The U.S. Treasury on Monday announced that it would sell an $18 billion stake in AIG, the investment giant that was rescued by the government during the financial crisis of 2008. The sale would reduce the government's stake in AIG to less than 20 percent, from its current majority stake of 53 percent. The move is the latest step toward disentangling AIG from the government, which once committed more than $180 billion to the company to keep it afloat. The government still owns a large portion of automaker General Motors, and controls the mortgage-financing companies Fannie Mae and Freddie Mac.
THE WEEK'S AUDIOPHILE PODCASTS: LISTEN SMARTER
- Why you should stop believing in evolution
- How Israel's hawks intimidated and silenced the last remnants of the anti-war left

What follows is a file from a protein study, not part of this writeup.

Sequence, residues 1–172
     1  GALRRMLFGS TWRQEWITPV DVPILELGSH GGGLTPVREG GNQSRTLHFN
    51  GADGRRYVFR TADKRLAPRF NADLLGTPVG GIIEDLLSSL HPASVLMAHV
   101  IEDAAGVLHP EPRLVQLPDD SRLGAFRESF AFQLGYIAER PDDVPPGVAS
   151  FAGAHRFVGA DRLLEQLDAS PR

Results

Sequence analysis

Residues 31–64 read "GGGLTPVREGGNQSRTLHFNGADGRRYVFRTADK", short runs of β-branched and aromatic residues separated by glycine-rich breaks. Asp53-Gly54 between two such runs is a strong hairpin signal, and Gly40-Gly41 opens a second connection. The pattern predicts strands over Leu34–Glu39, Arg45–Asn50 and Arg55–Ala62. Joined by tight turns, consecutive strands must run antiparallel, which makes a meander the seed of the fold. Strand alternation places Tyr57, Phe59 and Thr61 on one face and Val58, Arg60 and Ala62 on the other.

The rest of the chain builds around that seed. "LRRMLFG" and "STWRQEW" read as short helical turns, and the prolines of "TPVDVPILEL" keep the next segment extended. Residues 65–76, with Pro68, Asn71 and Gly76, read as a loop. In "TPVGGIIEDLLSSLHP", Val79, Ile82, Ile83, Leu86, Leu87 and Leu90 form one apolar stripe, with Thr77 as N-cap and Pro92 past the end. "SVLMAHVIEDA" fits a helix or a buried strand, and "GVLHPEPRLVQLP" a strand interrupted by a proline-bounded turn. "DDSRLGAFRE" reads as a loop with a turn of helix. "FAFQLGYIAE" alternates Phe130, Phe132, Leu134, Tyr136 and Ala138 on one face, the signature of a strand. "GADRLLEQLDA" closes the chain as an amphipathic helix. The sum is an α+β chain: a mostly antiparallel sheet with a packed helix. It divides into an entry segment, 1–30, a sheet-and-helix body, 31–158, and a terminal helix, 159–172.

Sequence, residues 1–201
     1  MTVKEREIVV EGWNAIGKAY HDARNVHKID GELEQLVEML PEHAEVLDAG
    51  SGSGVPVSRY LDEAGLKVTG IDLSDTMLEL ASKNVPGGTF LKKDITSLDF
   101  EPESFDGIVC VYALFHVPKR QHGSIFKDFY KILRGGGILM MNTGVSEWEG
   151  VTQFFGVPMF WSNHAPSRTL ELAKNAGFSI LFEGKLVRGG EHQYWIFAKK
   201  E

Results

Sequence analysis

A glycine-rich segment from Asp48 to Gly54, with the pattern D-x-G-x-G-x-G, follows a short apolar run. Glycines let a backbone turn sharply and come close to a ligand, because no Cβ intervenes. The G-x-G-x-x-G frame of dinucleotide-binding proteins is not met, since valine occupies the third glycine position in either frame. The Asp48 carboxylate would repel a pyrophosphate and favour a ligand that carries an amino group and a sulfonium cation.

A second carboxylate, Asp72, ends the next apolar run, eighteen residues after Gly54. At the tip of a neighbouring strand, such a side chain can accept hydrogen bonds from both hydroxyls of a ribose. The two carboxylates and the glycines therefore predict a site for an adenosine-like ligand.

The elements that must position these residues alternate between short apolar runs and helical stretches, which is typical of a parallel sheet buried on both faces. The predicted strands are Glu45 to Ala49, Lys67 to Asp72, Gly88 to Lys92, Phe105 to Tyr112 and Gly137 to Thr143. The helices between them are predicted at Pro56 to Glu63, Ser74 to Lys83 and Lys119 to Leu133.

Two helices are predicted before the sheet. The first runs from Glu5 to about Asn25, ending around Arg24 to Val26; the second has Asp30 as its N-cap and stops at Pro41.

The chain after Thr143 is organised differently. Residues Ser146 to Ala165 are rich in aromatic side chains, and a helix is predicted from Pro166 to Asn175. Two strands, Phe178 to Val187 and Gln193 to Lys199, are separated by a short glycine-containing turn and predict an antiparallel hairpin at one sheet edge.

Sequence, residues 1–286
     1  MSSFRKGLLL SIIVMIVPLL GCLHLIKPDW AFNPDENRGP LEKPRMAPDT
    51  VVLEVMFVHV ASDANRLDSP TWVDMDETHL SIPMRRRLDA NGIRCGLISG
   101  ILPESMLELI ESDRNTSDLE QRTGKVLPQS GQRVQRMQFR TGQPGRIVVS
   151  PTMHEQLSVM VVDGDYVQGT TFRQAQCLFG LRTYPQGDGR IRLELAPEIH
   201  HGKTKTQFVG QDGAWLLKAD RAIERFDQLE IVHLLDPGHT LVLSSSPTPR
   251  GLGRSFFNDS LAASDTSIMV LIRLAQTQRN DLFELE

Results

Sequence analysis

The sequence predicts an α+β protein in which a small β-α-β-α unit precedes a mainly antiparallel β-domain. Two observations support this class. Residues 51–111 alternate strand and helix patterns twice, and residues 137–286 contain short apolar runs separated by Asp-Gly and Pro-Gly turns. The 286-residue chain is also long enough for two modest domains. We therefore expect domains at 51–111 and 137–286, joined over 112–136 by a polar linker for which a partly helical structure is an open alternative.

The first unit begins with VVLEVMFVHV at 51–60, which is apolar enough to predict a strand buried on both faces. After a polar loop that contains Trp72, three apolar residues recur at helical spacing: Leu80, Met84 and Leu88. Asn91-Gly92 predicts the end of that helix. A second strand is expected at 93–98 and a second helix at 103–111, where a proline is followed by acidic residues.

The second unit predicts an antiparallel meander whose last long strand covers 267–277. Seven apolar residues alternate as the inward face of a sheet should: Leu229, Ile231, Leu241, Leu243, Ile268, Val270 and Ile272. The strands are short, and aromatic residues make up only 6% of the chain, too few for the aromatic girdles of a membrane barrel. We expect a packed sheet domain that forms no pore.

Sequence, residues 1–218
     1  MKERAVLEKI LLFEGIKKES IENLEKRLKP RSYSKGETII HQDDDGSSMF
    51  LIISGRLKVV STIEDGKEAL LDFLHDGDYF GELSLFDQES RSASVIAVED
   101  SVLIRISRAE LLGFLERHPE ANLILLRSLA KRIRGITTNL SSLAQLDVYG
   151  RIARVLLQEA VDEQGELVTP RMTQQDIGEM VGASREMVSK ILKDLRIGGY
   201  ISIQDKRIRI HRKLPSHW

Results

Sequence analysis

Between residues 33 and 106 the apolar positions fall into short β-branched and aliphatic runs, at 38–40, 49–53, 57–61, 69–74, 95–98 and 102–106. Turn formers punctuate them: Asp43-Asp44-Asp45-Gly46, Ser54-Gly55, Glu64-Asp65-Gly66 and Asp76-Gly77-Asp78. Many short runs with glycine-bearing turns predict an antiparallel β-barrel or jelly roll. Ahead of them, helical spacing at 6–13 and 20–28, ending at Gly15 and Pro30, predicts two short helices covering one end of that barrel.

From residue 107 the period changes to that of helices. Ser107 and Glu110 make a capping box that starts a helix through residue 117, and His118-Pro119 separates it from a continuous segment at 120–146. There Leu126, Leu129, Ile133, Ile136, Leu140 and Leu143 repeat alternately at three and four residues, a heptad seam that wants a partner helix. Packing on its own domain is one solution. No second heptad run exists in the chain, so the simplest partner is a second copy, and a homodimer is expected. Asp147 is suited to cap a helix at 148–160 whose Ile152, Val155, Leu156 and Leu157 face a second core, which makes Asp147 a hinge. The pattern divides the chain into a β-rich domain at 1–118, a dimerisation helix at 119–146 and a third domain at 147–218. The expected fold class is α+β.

- 10 things you need to know today: August 21, 2014
- The secret to handling pressure like astronauts, Navy SEALs, and samurai
- Why your employer should clean your house and do your laundry
- It's time for the police to rethink 'shoot-to-kill'
- 7 grammar rules you really should pay attention to
- What you need to know before you support the police in Ferguson
- The big policy question libertarians can't answer
- The fascinating political evolution of Paul Ryan
Subscribe to the Week